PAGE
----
Saturday, September 13, 2014

A technical rant …

The heat exchanger guy called yesterday and said the bit removed from the WesterBeast was all prettied up and ready to go to the dance. Then he gave me a heart flutter by saying he had found a trace of oil floating around in the coolant. Bad juju. Really bad juju. The only way oil gets into the coolant is through a breach in the engine somewhere. Any such breach is going to be hard to find and expensive to fix. My day went straight in the dumpster.

Both Deb and good Friend / Boat Guru Bill (late of S/V Veranda) suggested there was no need to assume the worst just yet. There has never been water in the oil and what coolant that used to disappear stopped disappearing with the installation of a new cap. So assuming the worst was likely unnecessary. One shop's opinion does not, necessarily, bad juju make.


I assumed the worst anyway. After all this is Kintala and me, the world's most dysfunctional boat / owner relationship. Why wouldn't I assume she was presenting me with a blown head gasket or cracked block?  Kintala's WesterBeast has been the bane of my existence since the V-drive hand-grenaded itself and took the transmission with it.  But when I went to pick up said bit, the shop guy told me he had changed his mind. It wasn't oil after all. Thanks … I think.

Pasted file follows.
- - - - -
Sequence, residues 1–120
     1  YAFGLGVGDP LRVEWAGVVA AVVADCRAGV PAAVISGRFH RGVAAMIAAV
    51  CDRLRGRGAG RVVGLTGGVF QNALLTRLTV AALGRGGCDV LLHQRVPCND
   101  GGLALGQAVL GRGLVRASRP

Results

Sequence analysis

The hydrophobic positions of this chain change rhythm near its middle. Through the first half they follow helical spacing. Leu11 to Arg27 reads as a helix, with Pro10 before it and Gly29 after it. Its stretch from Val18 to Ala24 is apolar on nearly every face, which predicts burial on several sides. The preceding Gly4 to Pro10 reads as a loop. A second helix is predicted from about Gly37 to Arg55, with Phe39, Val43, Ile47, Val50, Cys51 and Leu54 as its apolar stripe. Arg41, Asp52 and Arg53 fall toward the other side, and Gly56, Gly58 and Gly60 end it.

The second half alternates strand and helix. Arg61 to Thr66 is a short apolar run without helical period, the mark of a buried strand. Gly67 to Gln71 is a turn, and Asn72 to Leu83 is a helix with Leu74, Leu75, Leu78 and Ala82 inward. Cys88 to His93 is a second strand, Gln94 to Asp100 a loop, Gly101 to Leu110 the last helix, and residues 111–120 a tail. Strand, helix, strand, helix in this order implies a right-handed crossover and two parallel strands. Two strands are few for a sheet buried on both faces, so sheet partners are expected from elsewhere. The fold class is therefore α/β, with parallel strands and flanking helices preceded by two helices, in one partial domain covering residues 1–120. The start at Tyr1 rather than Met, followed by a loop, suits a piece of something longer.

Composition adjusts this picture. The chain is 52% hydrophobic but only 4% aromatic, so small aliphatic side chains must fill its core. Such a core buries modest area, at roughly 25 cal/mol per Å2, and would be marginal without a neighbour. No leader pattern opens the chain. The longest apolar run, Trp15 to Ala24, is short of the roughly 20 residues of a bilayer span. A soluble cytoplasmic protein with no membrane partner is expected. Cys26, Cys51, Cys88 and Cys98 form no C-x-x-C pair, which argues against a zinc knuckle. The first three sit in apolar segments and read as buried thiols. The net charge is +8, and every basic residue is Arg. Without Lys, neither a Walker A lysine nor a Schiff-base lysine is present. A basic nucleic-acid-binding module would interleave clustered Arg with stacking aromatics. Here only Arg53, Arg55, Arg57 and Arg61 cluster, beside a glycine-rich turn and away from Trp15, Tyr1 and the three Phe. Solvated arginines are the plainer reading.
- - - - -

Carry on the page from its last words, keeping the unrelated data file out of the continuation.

Today started out with the newly refurbished heat exchanger sitting on the bench waiting to go back back on the WesterBeast, and thus offering us the chance to get off of this dock soon. So that was my job for the day. Would you like to take a guess as to how it went?

Shop man had been kind enough to make a couple of new gaskets for the install. The ones he handed over were about as thick as waffles. The ones that came off where more like cardboard. Mm … not sure that is going to work but hey, he is the heat exchanger expert.